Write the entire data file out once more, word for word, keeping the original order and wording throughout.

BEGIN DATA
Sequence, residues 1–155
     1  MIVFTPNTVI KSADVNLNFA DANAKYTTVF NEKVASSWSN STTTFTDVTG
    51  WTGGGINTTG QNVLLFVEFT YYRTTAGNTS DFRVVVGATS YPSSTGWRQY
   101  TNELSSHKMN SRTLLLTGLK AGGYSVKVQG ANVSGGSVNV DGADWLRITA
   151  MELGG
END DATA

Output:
Sequence, residues 1–155
     1  MIVFTPNTVI KSADVNLNFA DANAKYTTVF NEKVASSWSN STTTFTDVTG
    51  WTGGGINTTG QNVLLFVEFT YYRTTAGNTS DFRVVVGATS YPSSTGWRQY
   101  TNELSSHKMN SRTLLLTGLK AGGYSVKVQG ANVSGGSVNV DGADWLRITA
   151  MELGG